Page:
Another Mother, Gone
While we were all focused on the Senate and its Work of the Devil yesterday, an icon of our culture was quietly taken home.
Mother Coretta Scott King passed yesterday.
It is not an unexpected thing, her time. After all, the stroke she had this summer was massive and, at the age of 78, it is hard to bounce back from that type of thing. But it seems that as much as Mother Parks' passing, Mother King's passing marks the end of an American era, not just the end of a life.
When you read about Coretta Scott King, it seems clear that much of her own personal commitment to justice was blotted out by the all-encompassing shadow of her late husband, Dr. King, and his elevation post-death to cultural icon. She was just The Wife, it seems, in most writings about the time and her husband. But such a narrow vision of Coretta Scott King does her a real disservice, all squabbling and controversy about her stewardship of the King Center and her quest to clear the name of James Earl Ray aside. Another woman would have been broken, two months after being widowed so violently and left with four babies to rear. But Mrs. King was not. Instead, just two months after his death, Coretta Scott King was at the head of the 1968 Poor People's March, technically in the name of her husband, but given the subjects she covered (which included a call for women to take a bigger role in the movement) it was clear that she was speaking in her own right, as her own leader.
Her quiet leadership continued throughout the remainder of her life, usually reported as an afterthought. But I remember her fighting against apartheid, leading sit-ins against the brutality of South Africa, long after Dr. King was gone. I remember her being the fire behind the juggernaut that was Stevie Wonder's campaign for the King Holiday, particularly as it exploded to deal that recalcitrant bastion of racism, Arizona. In her last few years, Mrs. King had become a fierce advocate for the equality of LGBT people, earning the emnity of her own, deluded, daughter, Bernice in the process. Expanding the vision.
But most don't remember these things. Particularly that Coretta Scott King was also a womanist (a label that did not exist when she, like so many Black women, developed feminist sensibilities and advocated that we had played and must play a powerful role in bringing freedom). A fierce proponent of women's education and equality, the person who revered the wisdom of Bayard Rustin, a gay Black man whose sexuality in light of his communism/socialism always gave Dr. King and the official "movement" much pause. A different mind to her husband's, about some things. Perhaps because she knew the sexism of her late husband (a gifted man, but also a womanizer) well, when she began to speak publicly in her own voice one of the first things she did was embrace Black women's power to be the vehicle of change:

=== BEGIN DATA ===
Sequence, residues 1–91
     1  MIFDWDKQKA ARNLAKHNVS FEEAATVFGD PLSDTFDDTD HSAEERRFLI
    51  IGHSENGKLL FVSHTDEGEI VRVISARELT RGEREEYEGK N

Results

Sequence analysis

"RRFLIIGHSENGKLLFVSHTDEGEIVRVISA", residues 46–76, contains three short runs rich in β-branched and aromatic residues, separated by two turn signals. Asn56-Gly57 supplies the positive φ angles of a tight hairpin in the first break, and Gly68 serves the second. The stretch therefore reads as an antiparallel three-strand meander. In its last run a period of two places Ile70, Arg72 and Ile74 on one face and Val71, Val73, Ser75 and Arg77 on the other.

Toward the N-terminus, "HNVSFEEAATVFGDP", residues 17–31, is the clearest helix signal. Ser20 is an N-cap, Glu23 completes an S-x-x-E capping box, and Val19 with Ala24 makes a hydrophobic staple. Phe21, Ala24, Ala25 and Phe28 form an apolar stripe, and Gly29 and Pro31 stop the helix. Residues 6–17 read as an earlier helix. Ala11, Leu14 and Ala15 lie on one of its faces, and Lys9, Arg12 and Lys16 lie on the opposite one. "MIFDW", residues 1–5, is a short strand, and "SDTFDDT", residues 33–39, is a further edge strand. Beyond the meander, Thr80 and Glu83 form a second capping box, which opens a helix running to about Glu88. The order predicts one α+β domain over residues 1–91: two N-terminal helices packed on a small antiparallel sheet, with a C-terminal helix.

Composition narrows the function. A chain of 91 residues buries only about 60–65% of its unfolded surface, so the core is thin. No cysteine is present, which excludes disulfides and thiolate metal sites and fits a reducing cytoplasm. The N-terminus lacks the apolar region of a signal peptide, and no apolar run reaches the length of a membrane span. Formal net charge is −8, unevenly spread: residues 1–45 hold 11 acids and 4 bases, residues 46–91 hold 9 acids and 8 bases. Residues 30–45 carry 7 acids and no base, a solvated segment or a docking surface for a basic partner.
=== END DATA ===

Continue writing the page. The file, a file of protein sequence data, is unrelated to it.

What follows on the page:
Women, if the soul of the nation is to be saved, I believe that you must become its soul.
Most folks don't think about these things, when they think about Coretta Scott King. What they remember was a beautiful woman, whether as a young wife standing by her husband, a widow so regal that she took your breath away holding her young daughter next to her at the pew, a women who carried in herself a dignity that most just assumed came from her husband and his legacy.
They assumed wrong.
Thus, Mother King joined a long proud tradition of fearless Black women activists, different stylings of the same power. She joins the likes of Myrlie Evers and Betty Shabazz, who each themselves joined the legacy of the Septima Clarks, Fannie Lou Hamers, Ella Bakers, Diane Bevel Nashs and Angela Davises, who themselves joined the Mary McLeod Bethunes, Ida Wells Barnetts Sojourner Truths and Harriet Tubmans. She joins a tradition of fierce Black heroines who earned their place in history in their own right. Even as they were also the wives or paramours of Black male freedom fighters with different approaches to the mission, and the mothers of the next generations. Mrs. King fought, sometimes loudly, usually quietly, in her own right, even as most folks thought that all a Black woman could be was wife, mother, worker or harridan standing by her man.
Rest in Peace, Mother King. Your passing is the end of an era.